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Why Do Dogs Interrupt Sex?

Why do some dogs interfere when people are kissing, necking, or having sex? And what should you do about it?

By
Jolanta Benal, CPDT-KA, CBCC-KA,
Episode #213
Dog at bed

This week, I’ll address a question that clients tend to ask me in whispers: Why does our dog interrupt us when we’re kissing? Or necking? Or having full-on sex? And what can we do about it? Before I get started, a disclaimer: You’re not about to hear any explicit sexual details. This is really about your dog’s behavior, not yours..

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I like to know what I’m up against, so when I’m preparing these episodes, I check out what the Great and Mighty Internet has to say. Sadly, on the question of why dogs interrupt people when we’re getting busy, the Great and Mighty Internet is even stupider than usual. I’ll say this loud and clear: Your dog isn’t interrupting you because he or she is “dominant,” and changing his behavior has zero to do with being the “alpha.” There’s no scientific support for those ideas, so please go worry about climate change instead.

Because physical intimacy is special to us, we tend to bracket it off from other kinds of interactions. But I wouldn’t bet the farm on our dogs’ thinking that our kissing, hugging, etc., is anything especially significant. Instead, let’s think about why dogs might get pesty in general, and see how that applies to them pestering us while we try to have sex.

Reason #1: Your Dog May Be Seeking Attention

Here’s something I would bet the farm on: Interrupting people during physical intimacy is a brilliant way to get attention. You start kissing, Dogalini starts barking or pawing at you, and what are the odds that you’re going to ignore the mood-killer and just carry on? Might those odds be slim to none? With a Dogalini who’s a human-attention junkie and maybe a bit bored, I could see this turning into a situation where any physical contact between people becomes as much of a cue as “Sit” or “Down.”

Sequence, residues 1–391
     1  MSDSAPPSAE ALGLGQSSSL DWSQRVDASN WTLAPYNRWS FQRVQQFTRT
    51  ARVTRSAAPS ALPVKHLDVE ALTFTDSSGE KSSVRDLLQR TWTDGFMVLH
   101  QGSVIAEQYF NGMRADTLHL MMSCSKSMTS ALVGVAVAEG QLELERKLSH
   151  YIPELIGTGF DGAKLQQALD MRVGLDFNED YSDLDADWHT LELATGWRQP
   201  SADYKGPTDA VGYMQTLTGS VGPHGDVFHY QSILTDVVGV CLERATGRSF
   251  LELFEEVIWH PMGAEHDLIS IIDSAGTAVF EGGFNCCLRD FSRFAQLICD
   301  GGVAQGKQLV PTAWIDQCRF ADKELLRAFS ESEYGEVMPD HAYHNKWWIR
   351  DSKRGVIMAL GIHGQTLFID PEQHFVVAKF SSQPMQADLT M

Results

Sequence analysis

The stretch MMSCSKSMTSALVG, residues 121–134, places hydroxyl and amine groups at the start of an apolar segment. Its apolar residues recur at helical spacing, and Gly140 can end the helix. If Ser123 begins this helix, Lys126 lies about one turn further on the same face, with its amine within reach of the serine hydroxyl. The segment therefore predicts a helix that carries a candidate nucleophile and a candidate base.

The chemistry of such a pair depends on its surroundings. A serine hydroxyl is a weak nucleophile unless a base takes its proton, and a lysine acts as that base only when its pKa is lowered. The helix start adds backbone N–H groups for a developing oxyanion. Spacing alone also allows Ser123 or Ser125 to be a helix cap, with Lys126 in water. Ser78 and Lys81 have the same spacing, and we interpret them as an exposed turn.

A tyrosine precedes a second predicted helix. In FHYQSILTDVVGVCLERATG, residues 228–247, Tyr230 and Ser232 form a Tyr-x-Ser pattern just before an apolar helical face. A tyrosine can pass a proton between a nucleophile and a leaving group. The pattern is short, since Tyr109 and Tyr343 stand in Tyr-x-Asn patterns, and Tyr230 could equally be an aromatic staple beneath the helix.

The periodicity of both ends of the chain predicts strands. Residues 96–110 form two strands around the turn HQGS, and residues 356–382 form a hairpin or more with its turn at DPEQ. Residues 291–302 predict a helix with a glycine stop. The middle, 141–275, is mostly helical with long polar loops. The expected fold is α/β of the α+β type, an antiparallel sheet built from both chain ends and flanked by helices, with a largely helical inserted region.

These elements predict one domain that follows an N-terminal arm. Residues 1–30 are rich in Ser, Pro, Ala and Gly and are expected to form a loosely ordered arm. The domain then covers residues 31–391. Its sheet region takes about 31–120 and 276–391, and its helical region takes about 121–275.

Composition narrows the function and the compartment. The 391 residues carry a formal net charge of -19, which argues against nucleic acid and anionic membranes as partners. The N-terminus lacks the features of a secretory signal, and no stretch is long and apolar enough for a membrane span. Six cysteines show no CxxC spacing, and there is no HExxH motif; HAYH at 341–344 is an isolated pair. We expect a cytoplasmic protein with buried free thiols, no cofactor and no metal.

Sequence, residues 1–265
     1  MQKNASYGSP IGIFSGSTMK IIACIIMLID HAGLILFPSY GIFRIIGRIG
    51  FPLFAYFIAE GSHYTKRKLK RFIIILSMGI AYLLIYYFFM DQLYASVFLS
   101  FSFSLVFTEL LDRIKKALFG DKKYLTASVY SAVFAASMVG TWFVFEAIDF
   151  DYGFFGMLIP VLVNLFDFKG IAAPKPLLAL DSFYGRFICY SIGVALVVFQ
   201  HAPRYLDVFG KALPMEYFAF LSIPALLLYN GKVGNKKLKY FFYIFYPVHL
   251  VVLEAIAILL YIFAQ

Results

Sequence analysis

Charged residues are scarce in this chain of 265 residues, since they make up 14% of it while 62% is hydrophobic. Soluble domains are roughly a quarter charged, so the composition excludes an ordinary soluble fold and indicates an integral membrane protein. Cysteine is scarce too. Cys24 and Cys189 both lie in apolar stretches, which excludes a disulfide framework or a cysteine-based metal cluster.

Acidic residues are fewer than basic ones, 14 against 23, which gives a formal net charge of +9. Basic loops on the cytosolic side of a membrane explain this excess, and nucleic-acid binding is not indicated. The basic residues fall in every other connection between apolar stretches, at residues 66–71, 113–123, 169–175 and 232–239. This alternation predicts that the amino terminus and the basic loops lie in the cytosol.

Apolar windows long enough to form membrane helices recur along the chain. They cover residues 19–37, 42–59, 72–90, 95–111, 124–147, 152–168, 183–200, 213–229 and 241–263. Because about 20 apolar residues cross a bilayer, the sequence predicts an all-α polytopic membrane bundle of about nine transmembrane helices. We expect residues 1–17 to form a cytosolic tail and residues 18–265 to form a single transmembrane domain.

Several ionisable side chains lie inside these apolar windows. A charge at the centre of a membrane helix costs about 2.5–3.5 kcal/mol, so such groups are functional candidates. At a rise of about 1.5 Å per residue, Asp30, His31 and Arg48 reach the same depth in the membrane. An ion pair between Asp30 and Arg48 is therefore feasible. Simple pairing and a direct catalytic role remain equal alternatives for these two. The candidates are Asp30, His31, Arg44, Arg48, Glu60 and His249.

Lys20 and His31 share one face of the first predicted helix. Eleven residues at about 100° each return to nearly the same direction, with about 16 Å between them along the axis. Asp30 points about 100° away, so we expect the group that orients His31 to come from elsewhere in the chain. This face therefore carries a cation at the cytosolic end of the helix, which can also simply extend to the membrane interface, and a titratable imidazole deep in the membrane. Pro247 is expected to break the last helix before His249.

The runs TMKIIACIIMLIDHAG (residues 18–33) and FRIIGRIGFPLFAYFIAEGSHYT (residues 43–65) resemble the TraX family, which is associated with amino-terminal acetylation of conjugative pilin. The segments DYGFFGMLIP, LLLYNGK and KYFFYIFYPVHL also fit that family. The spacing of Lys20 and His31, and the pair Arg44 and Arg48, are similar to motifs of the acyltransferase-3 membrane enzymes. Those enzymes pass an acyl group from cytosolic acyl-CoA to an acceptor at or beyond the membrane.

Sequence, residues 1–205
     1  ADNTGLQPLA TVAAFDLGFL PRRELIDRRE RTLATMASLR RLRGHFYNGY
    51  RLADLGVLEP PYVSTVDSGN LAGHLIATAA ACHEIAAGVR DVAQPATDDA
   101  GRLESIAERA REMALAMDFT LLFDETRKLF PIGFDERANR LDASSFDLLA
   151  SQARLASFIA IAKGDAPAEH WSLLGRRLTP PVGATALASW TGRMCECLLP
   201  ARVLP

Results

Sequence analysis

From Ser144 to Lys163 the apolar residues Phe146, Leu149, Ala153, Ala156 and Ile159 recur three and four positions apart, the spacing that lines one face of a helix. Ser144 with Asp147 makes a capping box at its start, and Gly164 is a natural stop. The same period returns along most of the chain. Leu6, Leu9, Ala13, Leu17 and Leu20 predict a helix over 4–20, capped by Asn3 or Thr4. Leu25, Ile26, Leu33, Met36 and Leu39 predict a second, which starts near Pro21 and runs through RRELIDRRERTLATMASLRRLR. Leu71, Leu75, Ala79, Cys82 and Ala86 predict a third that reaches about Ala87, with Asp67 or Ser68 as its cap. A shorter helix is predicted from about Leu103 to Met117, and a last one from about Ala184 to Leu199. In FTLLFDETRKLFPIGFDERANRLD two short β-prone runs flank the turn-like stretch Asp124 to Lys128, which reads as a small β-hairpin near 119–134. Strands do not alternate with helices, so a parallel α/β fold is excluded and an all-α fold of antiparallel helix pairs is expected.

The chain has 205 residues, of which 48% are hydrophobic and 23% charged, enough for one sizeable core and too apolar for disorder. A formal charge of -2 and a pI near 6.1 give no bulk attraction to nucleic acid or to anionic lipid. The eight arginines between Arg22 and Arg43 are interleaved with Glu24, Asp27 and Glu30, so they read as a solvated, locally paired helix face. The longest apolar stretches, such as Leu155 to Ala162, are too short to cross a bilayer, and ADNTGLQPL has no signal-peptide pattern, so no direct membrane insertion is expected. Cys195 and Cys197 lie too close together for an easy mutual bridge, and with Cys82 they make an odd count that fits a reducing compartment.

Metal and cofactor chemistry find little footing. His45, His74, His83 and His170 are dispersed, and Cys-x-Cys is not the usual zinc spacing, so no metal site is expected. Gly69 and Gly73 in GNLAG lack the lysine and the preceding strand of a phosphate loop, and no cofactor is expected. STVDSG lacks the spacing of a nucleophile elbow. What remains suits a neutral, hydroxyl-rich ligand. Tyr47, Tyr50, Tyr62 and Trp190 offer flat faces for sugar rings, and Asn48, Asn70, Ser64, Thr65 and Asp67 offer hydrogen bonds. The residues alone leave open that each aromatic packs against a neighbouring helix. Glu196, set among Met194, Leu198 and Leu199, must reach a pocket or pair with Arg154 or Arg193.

As I’ve said many times, dogs are social animals and attention is a legitimate need. Also, boredom and understimulation are culprits in much of the dog behavior that gets on humans’ nerves. So, first of all, make sure you’re dealing with the root causes of your dog’s pestering – not only when you’re planning (or hoping for) a big night, but every day. Make sure she gets plenty of physical exercise – long walks, off-leash time if you can safely provide that, energetic games like Fetch and Tug. Add mental stimulation to the mix – that could mean reward-based training, scent games, and food-dispensing toys. And notice that in meeting her needs for mental and physical exercise, you’ve also given her lots of attention.

Now that you’ve set Dogalini up to be less inclined to pester in the first place, you can also give her something to keep her busy while you’re otherwise occupied. Again, for most dogs the best bet is a food-dispensing toy or chew. If Dogalini is crate-trained – which she should be, anyway – you can park her there to enjoy her … booty.

For more reasons why dogs interrupt sex, click the audio player above and listen to the full podcast.

You can also come visit me on Facebook or write to me at dogtrainer@quickanddirtytips.com. I usually can’t reply personally, but check out past episodes – I might already have answered your question. Thanks for reading!

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Dog image courtesy of Shutterstock.

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